Objective: A meta-analysis of epidemiologic studies was carried out on lung cancer risk among shipyard, mild steel, and stainless steel welders, and the role of asbestos exposure and smoking was considered.
Methods: The meta-analysis consisted of calculating combined relative risks (RR) and their variances through a logarithm transformation of published RR values and a weighing using the inverted variance of each RR.
Results: The literature provided 18 case-referent and 31 cohort studies. The combined RR values were 1.38 [observed 1028, 95% confidence interval (95% CI) 1.29-1.48] for "all or unspecified welding categories", 1.30 (observed 305, 95% CI 1.14-1.48) for shipyard welders, and 1.35 (observed 173, 95% CI 1.15-1.58) for nonshipyard welders. Similar combined RR values (RR) were observed for mild steel welders (combined RR 1.50, observed 137, 95% CI 1.18-1.91) and stainless steel welders (combined RR 1.50 observed 114, 95% CI 1.10-2.05). No significant heterogeneity was discerned between studies of any welding or study design category. A marked healthy worker effect may also lead to an underestimation of the standardized mortality ratio for lung cancer among stainless steel welders. Furthermore, welders of any category are likely to be exposed to asbestos. Welders also seem to smoke more than the general male population, and therefore the hypothesis of tobacco overconsumption among welders could not be discarded.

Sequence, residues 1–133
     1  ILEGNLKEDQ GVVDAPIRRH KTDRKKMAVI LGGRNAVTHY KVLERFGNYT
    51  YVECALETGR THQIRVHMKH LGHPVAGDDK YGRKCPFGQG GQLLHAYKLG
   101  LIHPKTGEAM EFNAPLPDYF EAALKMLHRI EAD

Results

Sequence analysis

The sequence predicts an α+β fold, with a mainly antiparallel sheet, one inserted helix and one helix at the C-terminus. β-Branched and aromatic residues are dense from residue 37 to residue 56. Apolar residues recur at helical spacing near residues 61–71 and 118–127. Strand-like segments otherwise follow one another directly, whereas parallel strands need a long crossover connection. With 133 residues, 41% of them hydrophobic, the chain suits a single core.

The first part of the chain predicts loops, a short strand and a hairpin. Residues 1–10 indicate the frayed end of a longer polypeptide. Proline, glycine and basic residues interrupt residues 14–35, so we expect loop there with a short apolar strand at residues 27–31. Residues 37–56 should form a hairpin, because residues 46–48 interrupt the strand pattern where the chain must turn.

Conclusions: A 30-40% increase in the RR of lung cancer among welders cannot be explained by hexavalent chromium and nickel exposure among stainless steel welders. The combination of the carcinogenic effects of asbestos exposure and smoking may account for part of the lung cancer excess observed.